Tommy Smith is on a roll. Not that he's been on anything but for the last several years, with a string of superb albums, each as different as they are consistent in demonstrating the saxophonist's ongoing ascension as a player, writer and bandleader. But that's not all. Since returning to Scotland after graduating from Boston's Berklee College of Music in the 1980s and kick-starting his career with a series of albums on Blue Note, Smith has literally reinvented Scotland's jazz scene with his Tommy Smith Youth Jazz Orchestra and Scottish National Jazz Orchestra. There's little doubt that Smith is likely to be remembered more for what he did in his home country, than for his personal and inestimable skill as a saxophonist.
And that's a shame, because over the course of the fiery quartet date, Forbidden Fruit
(2005), the big band-fueled Torah
(2010), and now, the absolutely boiling-over and largely electrified Karma
, it's equally likely that, were Smith still living in the US, there's every chance he'd be the star there that he clearly is at home. After his career-defining performance on Torah
taking the place of Joe Lovano
, for whom the suite was originally writtenit's hard to imagine Smith turning the heat up even further, but he does. Combining unfailing devotion to heavy groove with mind-blowing solos, Karma
hints lightly at mid-period Weather Report
, but in an inspirational rather than imitative fashion.
For one, Weather Report's Wayne Shorter
never played with Smith's visceral grease on the title track, which begins as a duo with drummer Alyn Cosker
combining Tower of Power
-like funk with remarkably controlled multiphonicsbefore the group enters, and Kevin Glasgow's Mu-Tron-driven electric bass provides a booty-shaking support, while keyboardist Steve Hamilton's carefully placed synth washes shift the harmony in head-cocking fashion. For another, none of the landmark fusion supergroup's admittedly esteemed bassists would deliver a chordal solo like Glasgow's, at the start of the poignant "Star"one of two tunes based on traditional sourceswith this expansion of "Star of the County Down" sounding right at home with the Celtic leanings of Smith's equally acoustic original, "Land of Heroes," featuring a piano solo from Hamilton that builds to a high peak, and continues through Smith's thematic reiteration, before the saxophonist heads off on a soaring soprano excursion of his own.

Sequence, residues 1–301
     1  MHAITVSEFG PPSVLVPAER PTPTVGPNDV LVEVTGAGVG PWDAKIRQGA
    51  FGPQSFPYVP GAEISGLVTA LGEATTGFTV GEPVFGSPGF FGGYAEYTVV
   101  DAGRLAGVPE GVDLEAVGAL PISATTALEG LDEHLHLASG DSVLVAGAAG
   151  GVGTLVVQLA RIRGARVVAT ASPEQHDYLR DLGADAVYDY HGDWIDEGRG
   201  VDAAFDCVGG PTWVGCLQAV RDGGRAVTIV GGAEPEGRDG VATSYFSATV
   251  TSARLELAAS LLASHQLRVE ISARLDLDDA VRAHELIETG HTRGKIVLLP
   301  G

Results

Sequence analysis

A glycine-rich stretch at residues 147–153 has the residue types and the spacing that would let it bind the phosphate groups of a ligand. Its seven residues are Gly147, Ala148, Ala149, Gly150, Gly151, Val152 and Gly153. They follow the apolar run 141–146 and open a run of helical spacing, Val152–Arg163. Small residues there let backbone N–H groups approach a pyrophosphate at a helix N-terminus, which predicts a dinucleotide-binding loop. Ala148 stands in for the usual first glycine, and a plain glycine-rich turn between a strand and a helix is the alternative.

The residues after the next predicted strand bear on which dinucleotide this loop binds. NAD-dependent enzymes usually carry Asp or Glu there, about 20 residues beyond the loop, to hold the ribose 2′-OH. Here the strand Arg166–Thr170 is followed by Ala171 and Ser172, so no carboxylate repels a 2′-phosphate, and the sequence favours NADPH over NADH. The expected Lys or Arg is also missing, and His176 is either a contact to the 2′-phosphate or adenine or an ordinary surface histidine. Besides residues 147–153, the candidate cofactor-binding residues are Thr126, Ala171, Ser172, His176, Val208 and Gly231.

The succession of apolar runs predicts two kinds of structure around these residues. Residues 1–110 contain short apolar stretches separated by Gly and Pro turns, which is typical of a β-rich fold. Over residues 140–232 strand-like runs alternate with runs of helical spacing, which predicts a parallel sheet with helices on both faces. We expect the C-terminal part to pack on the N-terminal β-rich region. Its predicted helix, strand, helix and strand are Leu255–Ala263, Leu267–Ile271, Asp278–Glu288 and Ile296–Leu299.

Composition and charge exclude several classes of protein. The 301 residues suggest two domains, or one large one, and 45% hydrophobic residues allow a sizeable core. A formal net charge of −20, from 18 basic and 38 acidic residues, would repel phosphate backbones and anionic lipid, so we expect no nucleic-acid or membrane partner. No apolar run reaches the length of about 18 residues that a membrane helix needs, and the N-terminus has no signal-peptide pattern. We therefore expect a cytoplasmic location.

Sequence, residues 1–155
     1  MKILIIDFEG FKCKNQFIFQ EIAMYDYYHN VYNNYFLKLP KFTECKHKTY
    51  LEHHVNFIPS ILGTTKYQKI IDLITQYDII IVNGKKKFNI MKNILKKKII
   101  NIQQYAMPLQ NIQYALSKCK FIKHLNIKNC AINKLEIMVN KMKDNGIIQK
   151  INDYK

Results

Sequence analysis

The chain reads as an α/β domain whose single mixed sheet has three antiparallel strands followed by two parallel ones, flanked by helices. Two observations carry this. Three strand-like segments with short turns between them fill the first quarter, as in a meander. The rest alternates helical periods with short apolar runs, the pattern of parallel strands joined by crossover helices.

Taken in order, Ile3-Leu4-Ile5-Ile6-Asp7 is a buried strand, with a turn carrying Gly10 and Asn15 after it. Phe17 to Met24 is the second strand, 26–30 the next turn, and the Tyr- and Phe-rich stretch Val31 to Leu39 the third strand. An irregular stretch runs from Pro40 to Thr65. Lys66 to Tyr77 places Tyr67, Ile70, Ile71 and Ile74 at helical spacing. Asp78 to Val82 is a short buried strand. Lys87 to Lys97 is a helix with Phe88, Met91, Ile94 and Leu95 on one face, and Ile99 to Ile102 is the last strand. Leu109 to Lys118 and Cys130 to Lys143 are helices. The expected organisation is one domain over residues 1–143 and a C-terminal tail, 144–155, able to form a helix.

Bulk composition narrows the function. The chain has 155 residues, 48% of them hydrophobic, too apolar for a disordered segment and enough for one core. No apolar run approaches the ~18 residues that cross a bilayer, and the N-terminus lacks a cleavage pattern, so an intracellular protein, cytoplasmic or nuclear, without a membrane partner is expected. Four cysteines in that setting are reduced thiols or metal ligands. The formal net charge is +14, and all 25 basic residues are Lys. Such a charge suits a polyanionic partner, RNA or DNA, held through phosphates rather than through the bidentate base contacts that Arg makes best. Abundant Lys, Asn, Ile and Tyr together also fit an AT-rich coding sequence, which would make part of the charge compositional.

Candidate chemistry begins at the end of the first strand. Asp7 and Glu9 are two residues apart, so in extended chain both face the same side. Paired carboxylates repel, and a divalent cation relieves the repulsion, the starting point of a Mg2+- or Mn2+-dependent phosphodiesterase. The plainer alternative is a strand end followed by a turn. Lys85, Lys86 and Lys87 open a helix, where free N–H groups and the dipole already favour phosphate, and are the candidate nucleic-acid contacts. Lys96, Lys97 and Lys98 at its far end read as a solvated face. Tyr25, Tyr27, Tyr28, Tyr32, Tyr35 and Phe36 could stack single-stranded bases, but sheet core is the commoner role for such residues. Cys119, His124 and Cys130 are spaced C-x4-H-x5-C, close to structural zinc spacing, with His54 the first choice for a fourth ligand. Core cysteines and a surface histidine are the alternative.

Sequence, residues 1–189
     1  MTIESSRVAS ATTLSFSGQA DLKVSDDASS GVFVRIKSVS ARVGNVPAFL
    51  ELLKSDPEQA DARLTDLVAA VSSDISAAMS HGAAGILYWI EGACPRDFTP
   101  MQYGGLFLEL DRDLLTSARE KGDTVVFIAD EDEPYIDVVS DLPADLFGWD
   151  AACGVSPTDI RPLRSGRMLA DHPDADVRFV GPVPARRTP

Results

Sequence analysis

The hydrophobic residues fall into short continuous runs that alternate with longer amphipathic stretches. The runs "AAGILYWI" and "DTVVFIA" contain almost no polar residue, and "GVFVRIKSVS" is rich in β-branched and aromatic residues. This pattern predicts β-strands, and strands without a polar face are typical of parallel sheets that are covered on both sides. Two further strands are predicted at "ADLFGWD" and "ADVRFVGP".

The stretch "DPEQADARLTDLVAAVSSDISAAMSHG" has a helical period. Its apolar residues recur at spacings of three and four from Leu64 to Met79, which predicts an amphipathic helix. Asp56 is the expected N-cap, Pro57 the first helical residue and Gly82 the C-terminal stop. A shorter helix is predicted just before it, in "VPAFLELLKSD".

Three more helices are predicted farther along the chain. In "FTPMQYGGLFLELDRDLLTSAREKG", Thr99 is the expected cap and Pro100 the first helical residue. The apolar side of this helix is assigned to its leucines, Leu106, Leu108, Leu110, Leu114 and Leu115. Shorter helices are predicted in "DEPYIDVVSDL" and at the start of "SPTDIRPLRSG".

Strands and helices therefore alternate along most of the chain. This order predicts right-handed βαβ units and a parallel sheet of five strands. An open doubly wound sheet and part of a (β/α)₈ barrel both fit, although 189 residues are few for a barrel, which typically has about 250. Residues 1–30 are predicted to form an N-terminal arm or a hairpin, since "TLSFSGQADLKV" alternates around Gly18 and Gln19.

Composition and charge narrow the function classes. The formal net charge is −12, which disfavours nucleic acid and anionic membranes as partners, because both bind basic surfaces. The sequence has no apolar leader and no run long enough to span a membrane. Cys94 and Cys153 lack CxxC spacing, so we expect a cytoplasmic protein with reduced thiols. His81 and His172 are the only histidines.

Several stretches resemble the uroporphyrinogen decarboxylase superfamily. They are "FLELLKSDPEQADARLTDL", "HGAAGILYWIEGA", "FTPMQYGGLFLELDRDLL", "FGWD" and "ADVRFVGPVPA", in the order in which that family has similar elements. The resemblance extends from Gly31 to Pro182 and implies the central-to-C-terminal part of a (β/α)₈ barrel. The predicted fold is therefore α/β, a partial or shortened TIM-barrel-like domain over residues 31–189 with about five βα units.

Smith's quartet sets the bar high from the first notes of the opening "Cause and Effect," whose Middle Eastern tonality turns the melody like a whirling dervish, while the also Celtic-leaning of the modal "Body or Soul" takes its time to move from an atmospheric intro to its modal core, which burns intensely as an ostinato-driven feature for Cosker, before Smith and Hamilton engage an intense tenor/synth trade-off, one of the album's most incendiary moments. Karma
less ambitious than Torah
, with its large-scale arrangements, but Smith's writing pushes both his group and anyone who cares to look under its easy-on-the-ears cover. If Torah
's focus was arrangement, writing and Smith's playing, the high octane Karma
is clearly more of a group effort, where everyone shines throughout the album's rapidly passing sixty minutes.